Home » San Francisco business owner says media have ‘no idea’ how bad homeless crisis is: ‘Apocalyptic’

San Francisco business owner says media have ‘no idea’ how bad homeless crisis is: ‘Apocalyptic’

by Mahmmod Shar

‘People are just feeling a little hopeless,’ the longtime Bay Area resident said

By Kristine Parks

A San Francisco business owner said journalists have “no idea” the depth of the homeless crisis in the region, calling the things he’s seen “honestly shocking.”

“They have no idea. Honestly, they have no idea. The stuff that we see out here from day to day– it’s just– it’s honestly shocking,” Cody Cunningham, owner of SF Planters told Fox News Digital. “The levels of drug addiction, the mental health stuff and the crime—it’s like apocalyptic, honestly, almost sometimes.”

A longtime Bay Area resident, Cunningham has transformed his landscaping business to now exclusively install heavy sidewalk planter boxes that have been primarily used to deter homeless encampments in the city.

Cunningham said he’s seen “a huge increase” in requests for these planters since they started a year ago. 

Photo shows tents set up by homeless people in San Francisco
San Francisco business owner said the city’s problems with drug addiction, and crime stemming from the homeless is ‘honestly shocking’ ‘apocalyptic’ (Los Angeles Times via Getty Images)

The San Francisco Chronicle has reported that San Francisco had “more than 7,754 homeless people, with nearly 4,400 sleeping on the streets, in a tent or in a vehicle” in 2022.

Additionally, one third of the U.S.’s entire homeless population and half of all unsheltered homeless people live in California, according to estimates released at the end of 2022. 

The business owner has seen a “precipitous decline” in the quality of life in the city in the past 25+ years. Business and property owners have to deal with break-ins, trash and fires on a daily basis, he said.

“The problems on the street are –kind of metastasizing, it seems from year to year. So people are just—trying to make their city look a little more beautiful with the planter boxes,” he added.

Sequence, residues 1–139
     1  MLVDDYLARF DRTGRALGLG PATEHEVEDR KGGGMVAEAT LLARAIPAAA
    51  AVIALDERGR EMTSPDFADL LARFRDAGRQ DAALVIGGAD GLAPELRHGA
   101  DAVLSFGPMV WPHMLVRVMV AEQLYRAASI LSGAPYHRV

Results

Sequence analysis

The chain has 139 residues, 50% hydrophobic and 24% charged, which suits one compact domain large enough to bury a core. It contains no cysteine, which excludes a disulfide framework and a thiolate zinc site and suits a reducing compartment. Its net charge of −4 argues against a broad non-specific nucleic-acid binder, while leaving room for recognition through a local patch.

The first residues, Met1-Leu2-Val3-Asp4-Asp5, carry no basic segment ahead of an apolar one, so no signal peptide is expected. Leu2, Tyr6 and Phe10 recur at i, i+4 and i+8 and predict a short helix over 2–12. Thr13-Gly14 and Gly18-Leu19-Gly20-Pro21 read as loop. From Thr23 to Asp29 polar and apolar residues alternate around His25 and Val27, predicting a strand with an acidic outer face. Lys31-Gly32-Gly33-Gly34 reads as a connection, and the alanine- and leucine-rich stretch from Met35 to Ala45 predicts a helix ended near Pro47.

Mission District residents fed up by homeless encampments raised over $25,000 dollars to install his sidewalk planters in May. Locals said that Harrison Street had been “taken over” by encampments for the past three years and was in “terrible shape.” Residents told local outlets they felt “depressed and hopeless” about the situation.

Homeless tents are seen near the Tenderloin District
SAN FRANCISCO, CA – SEPTEMBER 24: A homeless person is seen in Tenderloin district of San Francisco in California, United States on September 24, 2022.  (Photo by Tayfun Coskun/Anadolu Agency via Getty Images)

Neighbors described being threatened with violence as they passed by encampments and said they were forced to take action because they didn’t have help from the city. 

“People are just feeling a little hopeless. And city officials, I think, feel hopeless as well. Everyone’s looking for a solution and everyone really wants to help, but no one seems to really have the answer,” Cunningham believes. “The city does a lot of really good work with the people out here. They help a lot. But unfortunately, it’s just kind of something that just keeps popping up and popping up and everyone’s kind of at a loss at this moment in time with what to do about the situations with the crime and the drugs and the trash.”

He admitted the planters are more of a “Band-Aid” rather than a long-term solution but said locals were “desperate.”

“It’s kind of putting a Band-Aid sometimes on a problem, But people, I think, are just desperate to get the city back that they love,” he said. 

The San Francisco Controller’s office recently reported nearly half of the city’s commercial sidewalks had feces on them in 2021 and into 2022. 

Broken glass and feces were the two most common health hazards found citywide.

Not everyone agrees with the dismal outlook some residents and business owners have expressed about the homeless crisis.

California State Sen. Scott Wiener defended San Francisco in a previous statement to Fox News Digital, saying that the “vast majority” of the city did not have the homeless and drug problem that neighborhoods like the Mission District deal with.

“No one should have to experience that, and so I’ve been very clear that’s a public safety issue that has to be disrupted,” he said.

Wiener said he was working to get insurance companies to better cover mental health and addiction treatments, as well as expand conservatorship and housing in the city as part of a “multi-pronged approach” to addressing the city’s drug and vagrant problems.

Fox News’ Peter Aitken and Jeffrey Clark contributed to this report.

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